How Electricity Just Changed the World of Formula 1 Racing
Saturday's Formula E race was only the beginning.
Souped-up cars testing the upper limits of their gears. The screech of tires. Smoke emanating from tailpipes. The collective inhalation of breath as thousands of people watch drivers negotiate vehicles around impossibly tight curves at ridiculously high speeds. A dramatic pile-up, as the cars of the leading driver bumped into a challenger on the last lap – causing the challenger to go airbone.
These are the sights and sounds familiar to the world’s legions of Formula 1 racing fans.
And on September 13, some 75,000 spectators in in Beijing witnessed all these visual and audial effects – except for the exhaust and the engine roar. The ten cars that launched from the starting line and careened around a compact 2.1 mile course in Beijing’s Olympic Village, past the iconic Bird’s Nest stadium, were all powered by electricity.
This race officially launched the Formula E series. Sponsored by FIA, which runs the storied Formula 1 races, Formula E (for electric) consists of a ten-race circuit that will take drivers to glamorous locations around the world: Miami, Long Beach, Buenos Aires, Monte Carlo, Berlin and London. Ten teams with two drivers each will compete for the inaugural title.
At first blush, the prospect of a high-speed, hour-long race of electric speedsters going all out might seem contradictory. Most of the electric vehicles on the market are highly utilitarian sedans – like the boxy Nissan Leaf and Chevy Volt – with limited ranges. The Leaf can only go about 80 miles without a charge, while the Volt drains its battery and switches over to gas after about 30 miles. A typical rally of electric cars might involve a bunch of sedans putt-putting sedately through suburban streets. And while the advent of the Tesla has helped make the image of electric vehicles more sporty, owners of such cars generally drive as if they’re under the caution flag. They have to be careful not to crank up the air-conditioning too high, drive too far, or step too heavily on the accelerator – all in order to avoid draining the battery.
But modern car racing is also intricately bound up with advanced technology, engineering, and performance – figuring out ways to coax an extra bit of torque, power, and distance from the available materials and components. And with electricity playing a more important role in innovative automobile transport, including high-end sports cars like the Tesla, many gearheads and auto fans have been drawn to the possibilities of electric racecars. Among the teams participating in Formula E are ones backed by the Andrettis—one of car-racing’s royal families—and Virgin Racing, which is backed by billionaire Richard Branson.
This first season, all teams will be driving versions of the Spark-Renault SRT_01E. Renault is part of an alliance with Nissan, which has been manufacturing and selling the all-electric Leaf, an all-electric passenger car, for several years. But the cars competing in the Formula E bear little resemblance to the Leaf. In fact, they are like a grown-up version of the remote-controlled battery-operated cars that kids love to play with, except they are equipped with a battery capable of producing much more power.
Like traditional Formula 1 racecars, the sleek racers have a series of gears that are shifted through the use of paddles. In these videos of a test drive by driver Lucas De Grassi, and a group test drive at Donington Park in England, the cars feature rocket-like acceleration – going from zero to 60 in three seconds, and zoom around the tight courses at speeds up to 150 miles per hour. (For the true gear-heads, here’s a guide to the specs to the car.)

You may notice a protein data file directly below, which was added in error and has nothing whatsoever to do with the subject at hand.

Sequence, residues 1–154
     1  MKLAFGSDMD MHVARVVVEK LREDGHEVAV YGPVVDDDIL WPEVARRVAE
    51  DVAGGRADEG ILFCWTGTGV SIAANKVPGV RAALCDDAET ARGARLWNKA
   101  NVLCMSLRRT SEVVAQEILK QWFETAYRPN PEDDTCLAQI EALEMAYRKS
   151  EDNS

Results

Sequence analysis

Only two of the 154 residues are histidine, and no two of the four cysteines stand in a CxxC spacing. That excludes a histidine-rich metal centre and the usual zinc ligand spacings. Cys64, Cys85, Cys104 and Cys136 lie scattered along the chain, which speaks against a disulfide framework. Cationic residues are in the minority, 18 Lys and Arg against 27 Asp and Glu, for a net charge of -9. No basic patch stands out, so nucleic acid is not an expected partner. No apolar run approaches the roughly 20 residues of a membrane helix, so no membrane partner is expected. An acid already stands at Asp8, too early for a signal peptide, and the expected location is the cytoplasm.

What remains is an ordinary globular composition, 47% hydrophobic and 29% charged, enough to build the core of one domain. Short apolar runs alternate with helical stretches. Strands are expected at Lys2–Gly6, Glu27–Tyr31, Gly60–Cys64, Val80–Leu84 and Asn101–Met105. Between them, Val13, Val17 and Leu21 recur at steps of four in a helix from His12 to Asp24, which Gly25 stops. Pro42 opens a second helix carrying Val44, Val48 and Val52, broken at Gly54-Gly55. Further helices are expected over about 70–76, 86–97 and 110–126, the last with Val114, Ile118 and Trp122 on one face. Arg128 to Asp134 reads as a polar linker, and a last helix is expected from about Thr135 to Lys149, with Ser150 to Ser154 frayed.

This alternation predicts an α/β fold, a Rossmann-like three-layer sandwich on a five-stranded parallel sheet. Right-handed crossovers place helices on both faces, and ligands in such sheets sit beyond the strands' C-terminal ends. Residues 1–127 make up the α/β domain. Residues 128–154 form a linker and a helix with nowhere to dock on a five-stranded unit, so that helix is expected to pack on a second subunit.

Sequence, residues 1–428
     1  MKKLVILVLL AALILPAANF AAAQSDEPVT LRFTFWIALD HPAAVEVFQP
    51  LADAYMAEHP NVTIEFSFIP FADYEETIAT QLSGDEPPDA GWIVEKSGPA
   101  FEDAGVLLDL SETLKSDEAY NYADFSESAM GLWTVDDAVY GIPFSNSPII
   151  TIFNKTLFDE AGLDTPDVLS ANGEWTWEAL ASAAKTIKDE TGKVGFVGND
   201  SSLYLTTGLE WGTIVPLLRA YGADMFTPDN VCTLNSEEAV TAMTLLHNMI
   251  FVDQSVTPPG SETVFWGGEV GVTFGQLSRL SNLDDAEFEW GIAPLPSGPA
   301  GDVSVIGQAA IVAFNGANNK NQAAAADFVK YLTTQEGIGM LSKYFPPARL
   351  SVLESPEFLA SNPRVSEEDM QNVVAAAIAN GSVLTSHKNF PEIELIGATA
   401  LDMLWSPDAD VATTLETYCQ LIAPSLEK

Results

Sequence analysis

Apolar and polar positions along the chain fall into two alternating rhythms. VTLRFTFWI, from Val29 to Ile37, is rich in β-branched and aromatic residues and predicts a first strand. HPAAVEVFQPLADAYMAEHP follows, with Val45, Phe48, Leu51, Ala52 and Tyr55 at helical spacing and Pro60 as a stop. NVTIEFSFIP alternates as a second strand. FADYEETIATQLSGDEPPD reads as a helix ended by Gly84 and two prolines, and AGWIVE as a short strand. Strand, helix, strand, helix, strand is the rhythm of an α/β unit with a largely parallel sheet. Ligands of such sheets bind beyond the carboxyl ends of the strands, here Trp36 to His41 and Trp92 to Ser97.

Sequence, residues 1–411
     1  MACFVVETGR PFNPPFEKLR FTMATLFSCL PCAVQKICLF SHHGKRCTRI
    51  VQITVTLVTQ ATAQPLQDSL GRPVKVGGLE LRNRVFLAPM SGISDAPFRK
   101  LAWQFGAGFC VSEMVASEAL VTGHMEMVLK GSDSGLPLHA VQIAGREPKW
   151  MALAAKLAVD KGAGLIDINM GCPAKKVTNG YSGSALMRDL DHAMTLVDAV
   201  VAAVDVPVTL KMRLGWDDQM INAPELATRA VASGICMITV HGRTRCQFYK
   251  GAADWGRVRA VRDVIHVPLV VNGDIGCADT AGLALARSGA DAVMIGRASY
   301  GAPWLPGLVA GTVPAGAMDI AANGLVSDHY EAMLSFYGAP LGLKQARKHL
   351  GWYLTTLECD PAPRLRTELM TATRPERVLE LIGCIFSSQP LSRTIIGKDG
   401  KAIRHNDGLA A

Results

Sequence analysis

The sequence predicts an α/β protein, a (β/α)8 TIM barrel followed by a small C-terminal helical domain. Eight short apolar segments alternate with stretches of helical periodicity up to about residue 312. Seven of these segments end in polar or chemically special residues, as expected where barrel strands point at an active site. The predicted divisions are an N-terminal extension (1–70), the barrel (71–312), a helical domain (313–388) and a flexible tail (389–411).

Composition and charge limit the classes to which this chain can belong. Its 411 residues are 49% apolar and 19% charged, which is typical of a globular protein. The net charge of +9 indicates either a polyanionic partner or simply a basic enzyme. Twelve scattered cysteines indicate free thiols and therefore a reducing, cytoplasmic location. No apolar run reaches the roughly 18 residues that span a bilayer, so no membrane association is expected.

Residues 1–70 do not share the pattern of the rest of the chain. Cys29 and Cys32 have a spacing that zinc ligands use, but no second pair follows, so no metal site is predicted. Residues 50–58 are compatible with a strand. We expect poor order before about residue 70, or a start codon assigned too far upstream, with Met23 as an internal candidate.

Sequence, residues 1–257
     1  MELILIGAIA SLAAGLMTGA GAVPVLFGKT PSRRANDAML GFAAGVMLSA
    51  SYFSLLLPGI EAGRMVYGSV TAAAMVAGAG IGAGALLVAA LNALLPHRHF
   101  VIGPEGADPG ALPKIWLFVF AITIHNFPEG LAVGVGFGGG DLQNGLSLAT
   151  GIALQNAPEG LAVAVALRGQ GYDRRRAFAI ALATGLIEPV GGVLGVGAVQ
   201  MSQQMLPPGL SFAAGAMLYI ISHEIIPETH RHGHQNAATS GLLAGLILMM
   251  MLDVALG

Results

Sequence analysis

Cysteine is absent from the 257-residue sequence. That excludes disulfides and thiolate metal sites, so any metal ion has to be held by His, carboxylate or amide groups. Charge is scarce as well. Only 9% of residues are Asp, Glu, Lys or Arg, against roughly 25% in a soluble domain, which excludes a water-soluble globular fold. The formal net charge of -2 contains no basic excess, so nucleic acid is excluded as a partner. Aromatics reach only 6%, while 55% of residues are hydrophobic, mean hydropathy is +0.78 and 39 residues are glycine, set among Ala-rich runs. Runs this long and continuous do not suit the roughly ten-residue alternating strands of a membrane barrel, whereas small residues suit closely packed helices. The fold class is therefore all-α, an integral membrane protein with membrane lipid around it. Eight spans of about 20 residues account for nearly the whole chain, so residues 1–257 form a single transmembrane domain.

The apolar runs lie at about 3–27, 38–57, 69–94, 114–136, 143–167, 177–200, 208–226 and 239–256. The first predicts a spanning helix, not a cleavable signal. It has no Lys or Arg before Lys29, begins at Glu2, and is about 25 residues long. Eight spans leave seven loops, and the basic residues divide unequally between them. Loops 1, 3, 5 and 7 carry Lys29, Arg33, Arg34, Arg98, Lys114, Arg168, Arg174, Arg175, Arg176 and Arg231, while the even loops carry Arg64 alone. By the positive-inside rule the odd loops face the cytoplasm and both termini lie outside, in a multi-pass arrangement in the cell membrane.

Formula E imposes new requirements on drivers as well as manufacturers. Since there are no quick pit stops available for refueling, cars can only go as far as the charge will take them. “You can’t just go flat-out like you’d want to drive,” noted driver Mike Conway, who will be competing in Formula E for Dragon Racing. “You really have to look after the power that you have and there are different ways of doing it and still getting a good lap time – and it’s something we are still exploring.”
In addition, Formula E cars will differ in some meaningful ways from their Formula 1 counterparts – beyond the fuel they use. As is the case with electric cars and hybrids, the brakes in Formula E will help recharge the battery when they are applied. Then there’s the sound, which is an issue for spectators and drivers alike. The roar of the motor is a key part of the sport’s visceral attraction. Formula E vehicles produce a consistent high-pitched whine. “Contrary to popular belief, the Formula E cars are far from silent, producing a modern, futuristic sound,” Formula E promises. When the old cars zip around the track they’ll emit 80 decibels of noise, more than a typical gas-powered car does while driving on the highway.
The sound – or relative lack thereof – will also pose a challenge for drivers, for whom the roaring and whining of the motor provides guidance as to when they should shift. Instead, they’ll rely on visual cues. “You always have to be looking at the shift lights to know when to change gear,” as driver Jann Mardenborough put it. “Although there is sound, it’s not like a petrol engine – when you get in tune with the engine noise and you shift gears accordingly – you have to think about the shift lights and everything else.”
In the first race, Formula E provided all the drama of a Formula One race – only without the noise and emissions. Heading into the final lap, Nicolas Prost held a commanding lead. But as he was challenged by Nick Heidfeld, the two cars bumped. Heidfeld’s car went soaring and crashed dramatically. (He wasn’t hurt.) In the wake of the pile-up, Brazilian Lucas de Grassi cruised across the finish line for the victory.
The next race will take place in Malaysia in November.